Skip navigation
Sign up to follow your favorites on all your devices.
Sign up

It’s time to end the “he was answering a question” excuse


I’ve noticed in recent years a trend that officially has become my new pet peeve.

When someone says something inflammatory, controversial, and/or divisive, they often get a pass because the inflammatory, controversial, and/or divisive comment came not as an affirmative statement but as an answer to a question.

The concept first hit my radar screen in 2011, when Giants quarterback Eli Manning declared himself to be an elite quarterback. Sure, he was asked by Michael Kay of ESPN New York whether Eli regards himself as elite. But just because a “yes” or “no” question has been posed doesn’t mean the guy has to say “yes” or “no.”

He could have (and even though he went on to prove his elite status that season should have) said, “That’s not for me to decide. I don’t worry about labels applied by others. I worry about what I can control.”

But many defended Eli’s “sure, I’m elite” response because he was simply answering a question.

Recently, that dynamic reared its head in connection with Panthers quarterback Cam Newton, who apparently said that he wants to be a team captain because he was asked whether he wants to be a team captain.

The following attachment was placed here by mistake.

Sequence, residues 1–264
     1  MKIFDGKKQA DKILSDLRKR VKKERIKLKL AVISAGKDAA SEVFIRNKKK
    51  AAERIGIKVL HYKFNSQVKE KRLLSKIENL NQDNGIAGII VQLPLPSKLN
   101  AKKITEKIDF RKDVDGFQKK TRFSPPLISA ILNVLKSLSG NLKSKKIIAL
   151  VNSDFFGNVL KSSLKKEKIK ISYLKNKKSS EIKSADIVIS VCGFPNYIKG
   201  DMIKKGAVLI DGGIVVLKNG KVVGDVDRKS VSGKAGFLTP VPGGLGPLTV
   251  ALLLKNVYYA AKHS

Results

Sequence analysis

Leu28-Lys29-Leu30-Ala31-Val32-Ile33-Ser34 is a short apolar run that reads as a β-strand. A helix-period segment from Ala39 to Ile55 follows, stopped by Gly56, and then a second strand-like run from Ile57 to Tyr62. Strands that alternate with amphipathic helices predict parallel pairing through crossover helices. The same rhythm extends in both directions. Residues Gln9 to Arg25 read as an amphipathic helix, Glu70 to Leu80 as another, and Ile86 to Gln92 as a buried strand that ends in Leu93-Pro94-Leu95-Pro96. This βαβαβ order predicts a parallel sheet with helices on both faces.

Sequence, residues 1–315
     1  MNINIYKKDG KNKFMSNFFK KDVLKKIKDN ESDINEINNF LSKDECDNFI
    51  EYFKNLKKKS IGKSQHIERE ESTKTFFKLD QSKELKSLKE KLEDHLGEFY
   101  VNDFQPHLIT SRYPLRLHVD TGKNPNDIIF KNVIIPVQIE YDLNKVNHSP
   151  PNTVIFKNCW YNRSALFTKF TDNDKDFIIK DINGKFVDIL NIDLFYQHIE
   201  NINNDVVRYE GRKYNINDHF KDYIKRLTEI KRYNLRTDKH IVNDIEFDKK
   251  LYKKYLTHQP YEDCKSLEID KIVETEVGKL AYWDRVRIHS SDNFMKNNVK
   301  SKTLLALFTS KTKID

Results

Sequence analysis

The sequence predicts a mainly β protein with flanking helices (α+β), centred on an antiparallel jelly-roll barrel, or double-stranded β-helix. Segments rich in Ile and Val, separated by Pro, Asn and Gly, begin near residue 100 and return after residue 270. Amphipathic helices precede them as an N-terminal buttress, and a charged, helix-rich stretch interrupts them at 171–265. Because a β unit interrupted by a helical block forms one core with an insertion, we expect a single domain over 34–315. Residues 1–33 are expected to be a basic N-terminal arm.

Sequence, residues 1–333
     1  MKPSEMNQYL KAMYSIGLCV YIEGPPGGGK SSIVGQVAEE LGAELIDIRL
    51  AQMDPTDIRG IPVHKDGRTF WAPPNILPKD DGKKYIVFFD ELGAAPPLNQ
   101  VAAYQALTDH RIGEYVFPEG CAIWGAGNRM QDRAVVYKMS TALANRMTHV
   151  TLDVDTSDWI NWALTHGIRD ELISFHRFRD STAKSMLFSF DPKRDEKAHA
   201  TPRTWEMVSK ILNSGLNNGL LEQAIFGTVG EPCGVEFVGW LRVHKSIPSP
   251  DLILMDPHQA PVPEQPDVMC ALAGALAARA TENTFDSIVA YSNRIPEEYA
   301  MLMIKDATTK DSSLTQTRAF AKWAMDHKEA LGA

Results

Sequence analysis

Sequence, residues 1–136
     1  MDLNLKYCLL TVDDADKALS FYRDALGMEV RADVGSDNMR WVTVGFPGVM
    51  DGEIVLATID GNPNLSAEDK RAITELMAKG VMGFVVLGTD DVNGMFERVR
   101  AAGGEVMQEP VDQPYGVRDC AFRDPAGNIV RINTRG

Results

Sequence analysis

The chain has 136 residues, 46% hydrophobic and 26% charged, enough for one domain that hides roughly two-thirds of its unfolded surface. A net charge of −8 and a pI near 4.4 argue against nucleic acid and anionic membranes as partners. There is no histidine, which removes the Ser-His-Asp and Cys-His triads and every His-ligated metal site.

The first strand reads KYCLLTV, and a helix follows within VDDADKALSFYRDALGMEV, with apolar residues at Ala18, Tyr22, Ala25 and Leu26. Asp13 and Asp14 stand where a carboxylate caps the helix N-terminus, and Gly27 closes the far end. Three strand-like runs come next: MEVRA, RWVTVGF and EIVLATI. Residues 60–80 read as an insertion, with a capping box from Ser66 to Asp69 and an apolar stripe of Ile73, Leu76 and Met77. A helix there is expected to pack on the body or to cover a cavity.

Regardless of how the topic is teed up, if a guy says, “I want to be a team captain,” it means he wants to be a team captain. In this era of 24-hour news cycles (which helps justify player salaries and off-field earnings), players need to constantly run whatever they plan to say through the filter.

For Newton, a better response arguably would have been something like, “That’s not for me to decide. I would be honored if my teammates choose me. And I hope that I would be worthy of wearing the ‘C’ on my jersey.”

Regardless of whether anyone agrees or disagrees with Newton’s decision to verbalize his desire to be a team captain, the notion that he was merely answering a question is irrelevant. Most of what an athlete ever says to the media comes in response to a question, and learning how to respond to questions extemporaneously is one of the most important off-field skills for any pro athlete.

Hell, much of the dumb stuff I’ve said over the years has come in response to a question. It doesn’t change the fact that the stuff I said was dumb.